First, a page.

Smoothies put more nutrients into breakfast




1 cup unsweetened almond milk

1 cup frozen berries

1 banana, peeled

2 cups coarsely chopped kale (ribs removed)

1/2 cup pitted, coarsely chopped dates

Combine all ingredients in a blender; process until smooth and creamy. Makes 1 serving.

Per serving: 483 calories, 4 g fat, 0 g saturated fat, 0 mg cholesterol, 119 g carbohydrates, 8 g protein, 181 mg sodium, 15 g fiber.

Chicago Tribune

Del Sroufe, the man behind Forks Over Knives — The Cookbook, is going to get your kids to start their day with kale.

They just can’t know it.

Sroufe touts the benefits of a whole-foods, plant-based diet. His mean green smoothie is a nutrient-rich, fiber-filled, antioxidant-packed dream.

How do you turn your child’s morning smoothie — a relatively healthy option — into a breakfast powerhouse? You sneak stuff in. Sroufe’s recommendations, with tips for making them palatable:

Kale: Cancer-risk lowering, packed with 45 flavonoids and rich in calcium, magnesium and vitamins B6, A, C and K, kale is a wise addition to all of our diets.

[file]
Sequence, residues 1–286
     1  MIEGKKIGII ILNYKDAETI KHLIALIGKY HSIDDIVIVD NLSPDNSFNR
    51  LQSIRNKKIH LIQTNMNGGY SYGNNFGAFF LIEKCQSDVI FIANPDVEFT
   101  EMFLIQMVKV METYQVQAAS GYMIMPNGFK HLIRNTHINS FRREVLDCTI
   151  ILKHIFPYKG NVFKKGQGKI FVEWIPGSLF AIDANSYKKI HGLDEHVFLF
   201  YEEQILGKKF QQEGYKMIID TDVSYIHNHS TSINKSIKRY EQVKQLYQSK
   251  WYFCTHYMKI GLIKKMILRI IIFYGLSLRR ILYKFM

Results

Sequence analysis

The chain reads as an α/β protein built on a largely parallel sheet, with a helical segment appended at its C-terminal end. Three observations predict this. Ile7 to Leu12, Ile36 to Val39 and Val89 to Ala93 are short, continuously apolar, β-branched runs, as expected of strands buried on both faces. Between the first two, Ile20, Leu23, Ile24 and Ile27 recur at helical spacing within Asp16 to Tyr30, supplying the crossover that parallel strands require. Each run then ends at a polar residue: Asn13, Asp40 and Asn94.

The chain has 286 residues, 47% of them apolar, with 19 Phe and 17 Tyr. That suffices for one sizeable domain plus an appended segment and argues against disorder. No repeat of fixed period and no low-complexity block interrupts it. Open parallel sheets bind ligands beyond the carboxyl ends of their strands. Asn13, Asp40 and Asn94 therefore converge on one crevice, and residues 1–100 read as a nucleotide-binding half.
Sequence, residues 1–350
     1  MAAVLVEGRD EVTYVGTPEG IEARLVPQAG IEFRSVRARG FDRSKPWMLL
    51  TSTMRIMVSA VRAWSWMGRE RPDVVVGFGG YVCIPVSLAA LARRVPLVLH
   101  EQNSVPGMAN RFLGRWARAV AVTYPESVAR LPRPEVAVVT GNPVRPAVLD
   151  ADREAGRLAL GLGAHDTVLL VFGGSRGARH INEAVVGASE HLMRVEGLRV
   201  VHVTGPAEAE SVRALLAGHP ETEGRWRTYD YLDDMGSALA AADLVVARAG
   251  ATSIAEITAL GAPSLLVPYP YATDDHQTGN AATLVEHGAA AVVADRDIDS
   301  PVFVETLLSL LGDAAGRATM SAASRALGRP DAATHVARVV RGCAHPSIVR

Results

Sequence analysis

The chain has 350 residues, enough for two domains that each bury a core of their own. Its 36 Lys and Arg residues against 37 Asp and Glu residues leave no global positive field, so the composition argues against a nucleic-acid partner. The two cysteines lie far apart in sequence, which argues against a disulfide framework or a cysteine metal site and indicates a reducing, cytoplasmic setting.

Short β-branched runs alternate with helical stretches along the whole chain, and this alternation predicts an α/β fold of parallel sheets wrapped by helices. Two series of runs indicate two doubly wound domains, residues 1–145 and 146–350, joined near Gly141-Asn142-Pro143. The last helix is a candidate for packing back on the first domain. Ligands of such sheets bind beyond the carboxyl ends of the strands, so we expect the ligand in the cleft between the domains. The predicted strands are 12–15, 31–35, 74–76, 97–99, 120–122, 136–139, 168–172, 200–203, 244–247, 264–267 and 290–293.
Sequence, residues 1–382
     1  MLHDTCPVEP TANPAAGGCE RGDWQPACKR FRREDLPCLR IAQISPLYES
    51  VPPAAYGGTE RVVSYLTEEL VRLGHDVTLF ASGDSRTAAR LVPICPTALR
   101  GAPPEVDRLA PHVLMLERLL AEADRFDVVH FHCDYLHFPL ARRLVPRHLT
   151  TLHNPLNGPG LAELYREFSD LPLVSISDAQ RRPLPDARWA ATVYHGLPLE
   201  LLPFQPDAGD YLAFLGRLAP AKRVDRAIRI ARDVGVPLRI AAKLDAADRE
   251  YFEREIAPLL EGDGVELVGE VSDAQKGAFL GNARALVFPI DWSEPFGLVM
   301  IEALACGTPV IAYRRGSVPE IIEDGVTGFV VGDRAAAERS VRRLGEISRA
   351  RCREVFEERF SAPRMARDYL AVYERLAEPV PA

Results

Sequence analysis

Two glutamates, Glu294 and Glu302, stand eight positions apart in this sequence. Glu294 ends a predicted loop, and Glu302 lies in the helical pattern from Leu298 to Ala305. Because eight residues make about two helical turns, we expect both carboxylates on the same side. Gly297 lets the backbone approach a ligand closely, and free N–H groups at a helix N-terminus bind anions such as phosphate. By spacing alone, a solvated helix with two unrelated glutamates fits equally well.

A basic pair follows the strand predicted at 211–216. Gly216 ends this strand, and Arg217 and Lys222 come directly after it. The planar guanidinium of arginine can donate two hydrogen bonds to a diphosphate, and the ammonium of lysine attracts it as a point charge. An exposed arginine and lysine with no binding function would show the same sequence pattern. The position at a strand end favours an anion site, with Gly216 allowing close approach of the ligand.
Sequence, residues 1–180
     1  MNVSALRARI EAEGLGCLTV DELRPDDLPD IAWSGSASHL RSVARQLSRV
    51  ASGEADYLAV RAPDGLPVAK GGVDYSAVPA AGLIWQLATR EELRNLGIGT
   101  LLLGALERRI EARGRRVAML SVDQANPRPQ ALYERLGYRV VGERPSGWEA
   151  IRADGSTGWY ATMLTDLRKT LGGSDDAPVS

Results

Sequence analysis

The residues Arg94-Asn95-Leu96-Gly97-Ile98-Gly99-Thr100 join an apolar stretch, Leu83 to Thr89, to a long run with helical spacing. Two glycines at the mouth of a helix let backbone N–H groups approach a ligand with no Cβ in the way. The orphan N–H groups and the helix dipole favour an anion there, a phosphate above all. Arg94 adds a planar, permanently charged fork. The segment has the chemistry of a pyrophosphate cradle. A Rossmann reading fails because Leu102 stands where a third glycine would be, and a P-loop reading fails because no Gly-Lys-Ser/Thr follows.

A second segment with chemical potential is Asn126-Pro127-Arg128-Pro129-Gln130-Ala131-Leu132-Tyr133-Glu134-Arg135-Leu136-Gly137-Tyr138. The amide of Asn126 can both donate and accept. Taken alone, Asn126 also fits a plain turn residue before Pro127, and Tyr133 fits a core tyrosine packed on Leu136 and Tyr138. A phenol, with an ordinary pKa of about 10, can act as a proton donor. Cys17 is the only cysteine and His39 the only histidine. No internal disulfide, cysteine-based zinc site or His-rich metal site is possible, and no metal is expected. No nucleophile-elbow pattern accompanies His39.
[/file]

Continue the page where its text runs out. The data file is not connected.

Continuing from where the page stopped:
“You really don’t notice the taste,” he swears. “The thing is, you see it.”

So prepare it behind their backs and serve it in a stainless steel container with a tight-fitting lid and a colored straw. Oh, the actual prep: Remove the ribs of the raw leaves, chop it finely and toss it in the blender.

Dates: Almost all of Sroufe’s smoothie recipes call for Medjool dates.

“They’re a fiber-adding sweetener with a bunch of vitamins and minerals, versus sugar, which is just empty calories,” he says.

Chia seeds: These little guys are all the rage, celebrated for omega-3s, omega-6s, calcium, protein and 11 grams of fiber per ounce.

“You’ve got to grind them really well,” Sroufe says. He recommends using a good-quality spice mill.

Coconut water: Proponents push this stuff for its electrolytes, potassium and magnesium. It’s also low in sugar, which makes it a good substitute for fruit juice.

Sroufe pairs it with other tropical flavors like pineapple and mango. One cup will provide plenty of liquid to juice up your smoothie.

Read more Food stories from the Miami Herald

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